The intersection of health and finance is an increasingly linked area of study that continues to gain traction in research and policy. Collaboration and discussion across disciplines and sectors of health and financial well-being are fundamental to the progress of these fields.
On June 1, 2016, the Center for Financial Security at the University of Wisconsin‐Madison, with support from the Robert Wood Johnson Foundation Health and Society Scholars program at the University of Wisconsin-Madison, hosted a Health and Finances Research Workshop to convene faculty and researchers across UW-Madison and the Center for Financial Security and related centers on campus to explore existing research and to foster future research ideas. CFS initiated this effort to discover innovative research opportunities as well as nurture this growing community of scholars committed to building the field of health and finance research.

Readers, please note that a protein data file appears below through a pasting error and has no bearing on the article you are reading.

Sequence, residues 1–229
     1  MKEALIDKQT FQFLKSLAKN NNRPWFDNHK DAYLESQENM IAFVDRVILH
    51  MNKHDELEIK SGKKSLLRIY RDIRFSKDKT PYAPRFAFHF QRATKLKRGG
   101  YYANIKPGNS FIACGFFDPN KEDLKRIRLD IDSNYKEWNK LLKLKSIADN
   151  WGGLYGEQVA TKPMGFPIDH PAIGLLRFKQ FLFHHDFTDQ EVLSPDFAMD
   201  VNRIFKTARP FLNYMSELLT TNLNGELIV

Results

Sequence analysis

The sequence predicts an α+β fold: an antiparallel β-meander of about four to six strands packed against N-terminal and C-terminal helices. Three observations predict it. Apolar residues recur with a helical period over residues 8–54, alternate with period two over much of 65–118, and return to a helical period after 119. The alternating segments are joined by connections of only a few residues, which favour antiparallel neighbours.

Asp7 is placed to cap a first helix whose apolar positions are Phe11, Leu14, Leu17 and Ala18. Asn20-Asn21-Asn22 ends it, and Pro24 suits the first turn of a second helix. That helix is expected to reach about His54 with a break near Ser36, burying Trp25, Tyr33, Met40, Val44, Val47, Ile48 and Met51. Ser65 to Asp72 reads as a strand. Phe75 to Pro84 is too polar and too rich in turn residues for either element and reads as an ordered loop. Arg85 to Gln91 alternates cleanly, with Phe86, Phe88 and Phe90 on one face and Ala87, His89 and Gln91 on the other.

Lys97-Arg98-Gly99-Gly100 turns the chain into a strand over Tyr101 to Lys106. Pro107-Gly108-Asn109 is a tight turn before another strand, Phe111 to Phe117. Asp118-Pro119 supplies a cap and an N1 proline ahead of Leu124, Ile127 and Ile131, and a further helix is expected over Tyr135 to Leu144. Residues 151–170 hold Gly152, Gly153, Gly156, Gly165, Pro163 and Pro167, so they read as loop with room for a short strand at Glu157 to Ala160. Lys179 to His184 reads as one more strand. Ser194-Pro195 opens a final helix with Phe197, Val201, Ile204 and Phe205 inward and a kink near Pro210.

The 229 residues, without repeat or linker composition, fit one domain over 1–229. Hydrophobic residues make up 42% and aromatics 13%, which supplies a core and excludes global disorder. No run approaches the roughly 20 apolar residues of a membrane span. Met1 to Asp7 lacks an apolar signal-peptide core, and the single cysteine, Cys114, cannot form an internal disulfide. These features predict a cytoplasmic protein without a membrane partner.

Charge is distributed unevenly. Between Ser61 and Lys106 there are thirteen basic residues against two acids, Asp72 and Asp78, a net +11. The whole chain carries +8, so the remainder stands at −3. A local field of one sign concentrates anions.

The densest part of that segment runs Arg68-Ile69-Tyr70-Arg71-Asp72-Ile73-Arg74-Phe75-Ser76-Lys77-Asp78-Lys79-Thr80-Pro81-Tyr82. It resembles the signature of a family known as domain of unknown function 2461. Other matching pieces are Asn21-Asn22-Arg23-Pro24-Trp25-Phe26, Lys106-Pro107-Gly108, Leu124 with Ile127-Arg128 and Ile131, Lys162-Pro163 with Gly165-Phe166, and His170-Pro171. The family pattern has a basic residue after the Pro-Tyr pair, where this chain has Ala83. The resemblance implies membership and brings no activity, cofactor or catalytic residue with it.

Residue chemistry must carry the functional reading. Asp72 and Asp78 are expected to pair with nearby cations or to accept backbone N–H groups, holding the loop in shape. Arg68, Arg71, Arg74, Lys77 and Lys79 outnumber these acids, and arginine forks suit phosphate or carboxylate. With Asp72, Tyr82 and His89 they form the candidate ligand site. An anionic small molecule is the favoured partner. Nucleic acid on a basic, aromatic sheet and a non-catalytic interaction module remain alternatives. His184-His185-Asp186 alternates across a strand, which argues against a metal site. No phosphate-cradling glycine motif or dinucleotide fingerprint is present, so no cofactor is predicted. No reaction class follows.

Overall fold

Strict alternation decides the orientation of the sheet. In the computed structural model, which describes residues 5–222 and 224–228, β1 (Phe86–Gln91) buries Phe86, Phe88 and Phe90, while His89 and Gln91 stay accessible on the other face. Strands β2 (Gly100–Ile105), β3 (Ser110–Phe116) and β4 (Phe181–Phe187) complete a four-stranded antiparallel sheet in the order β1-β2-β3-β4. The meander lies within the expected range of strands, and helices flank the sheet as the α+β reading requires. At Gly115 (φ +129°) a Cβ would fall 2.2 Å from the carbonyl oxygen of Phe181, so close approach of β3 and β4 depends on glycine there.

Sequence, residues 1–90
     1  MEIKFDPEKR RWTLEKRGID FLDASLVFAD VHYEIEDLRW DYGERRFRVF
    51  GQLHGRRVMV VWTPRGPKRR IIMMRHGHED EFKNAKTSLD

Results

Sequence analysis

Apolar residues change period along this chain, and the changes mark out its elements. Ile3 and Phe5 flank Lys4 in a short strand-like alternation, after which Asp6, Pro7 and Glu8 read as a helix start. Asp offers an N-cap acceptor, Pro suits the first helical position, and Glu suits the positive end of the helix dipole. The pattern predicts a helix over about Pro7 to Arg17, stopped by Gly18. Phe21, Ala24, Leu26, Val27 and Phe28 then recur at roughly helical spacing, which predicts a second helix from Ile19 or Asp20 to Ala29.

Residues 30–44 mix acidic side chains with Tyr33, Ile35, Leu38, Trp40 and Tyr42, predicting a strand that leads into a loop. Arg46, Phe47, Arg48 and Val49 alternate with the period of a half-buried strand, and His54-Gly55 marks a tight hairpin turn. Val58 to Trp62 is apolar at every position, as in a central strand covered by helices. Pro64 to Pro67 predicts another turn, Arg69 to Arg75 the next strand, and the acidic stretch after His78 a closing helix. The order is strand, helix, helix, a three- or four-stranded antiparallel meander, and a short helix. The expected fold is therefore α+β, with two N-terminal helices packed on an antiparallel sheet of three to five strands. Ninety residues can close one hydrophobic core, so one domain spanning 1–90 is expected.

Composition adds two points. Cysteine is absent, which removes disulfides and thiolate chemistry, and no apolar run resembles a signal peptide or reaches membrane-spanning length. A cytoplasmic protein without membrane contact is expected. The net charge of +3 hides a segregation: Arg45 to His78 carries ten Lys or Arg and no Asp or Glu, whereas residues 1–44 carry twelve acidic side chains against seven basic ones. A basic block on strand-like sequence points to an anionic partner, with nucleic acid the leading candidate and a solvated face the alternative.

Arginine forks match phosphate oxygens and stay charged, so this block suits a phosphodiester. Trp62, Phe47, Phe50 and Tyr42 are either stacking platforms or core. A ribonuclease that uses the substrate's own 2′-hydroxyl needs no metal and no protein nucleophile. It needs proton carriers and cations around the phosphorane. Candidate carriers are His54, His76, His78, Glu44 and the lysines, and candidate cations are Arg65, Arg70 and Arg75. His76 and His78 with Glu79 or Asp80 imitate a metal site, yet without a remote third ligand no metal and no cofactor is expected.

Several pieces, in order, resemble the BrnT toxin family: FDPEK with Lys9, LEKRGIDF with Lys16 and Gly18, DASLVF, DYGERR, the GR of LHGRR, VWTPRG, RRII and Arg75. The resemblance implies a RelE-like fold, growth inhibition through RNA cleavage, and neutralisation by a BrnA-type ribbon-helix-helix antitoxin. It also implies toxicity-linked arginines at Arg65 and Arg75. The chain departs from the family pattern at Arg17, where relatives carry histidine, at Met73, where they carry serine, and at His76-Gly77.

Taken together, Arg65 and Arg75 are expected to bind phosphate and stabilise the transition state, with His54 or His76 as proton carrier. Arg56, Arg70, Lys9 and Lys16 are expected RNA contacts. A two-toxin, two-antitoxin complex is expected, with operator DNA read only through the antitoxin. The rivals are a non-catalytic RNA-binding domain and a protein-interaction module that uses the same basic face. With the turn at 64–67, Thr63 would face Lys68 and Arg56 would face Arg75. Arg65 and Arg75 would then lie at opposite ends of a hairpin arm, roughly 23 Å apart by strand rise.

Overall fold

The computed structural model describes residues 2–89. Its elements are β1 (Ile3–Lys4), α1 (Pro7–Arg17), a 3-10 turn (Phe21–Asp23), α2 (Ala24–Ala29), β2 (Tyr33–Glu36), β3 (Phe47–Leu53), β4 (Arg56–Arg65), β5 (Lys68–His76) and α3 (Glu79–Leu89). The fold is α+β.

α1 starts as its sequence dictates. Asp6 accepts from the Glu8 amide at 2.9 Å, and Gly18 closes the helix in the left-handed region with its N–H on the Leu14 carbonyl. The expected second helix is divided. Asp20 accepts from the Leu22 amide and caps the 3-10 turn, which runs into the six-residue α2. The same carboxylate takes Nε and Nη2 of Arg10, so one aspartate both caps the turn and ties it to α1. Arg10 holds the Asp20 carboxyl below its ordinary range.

This event provided an opportunity for researchers interested in exploring the nexus of health and financial well-being to hear what other researchers are currently studying in this area and to spark interest and potential collaborations for future work. This daylong event began with an overview of existing literature on the topic of health and finance presented by CFS hosts, Justin Sydnor and J. Michael Collins. Three panel discussions on the financial effects of health followed; the first focusing on current research, the second on community work, and the third on emerging research. The event offered a forum for discussion of research ideas and funding sources. Throughout the event a videographer documented the discussion and panel presentations, as well as conducted short informal interviews with event attendees to create a short event video. A Health and Finances Event Brief summarizing the event panels, discussion and next steps is available. A Health and Finances Literature Review was created as a companion to the event by CFS and provides a thorough overview of existing research in the field of finances and health.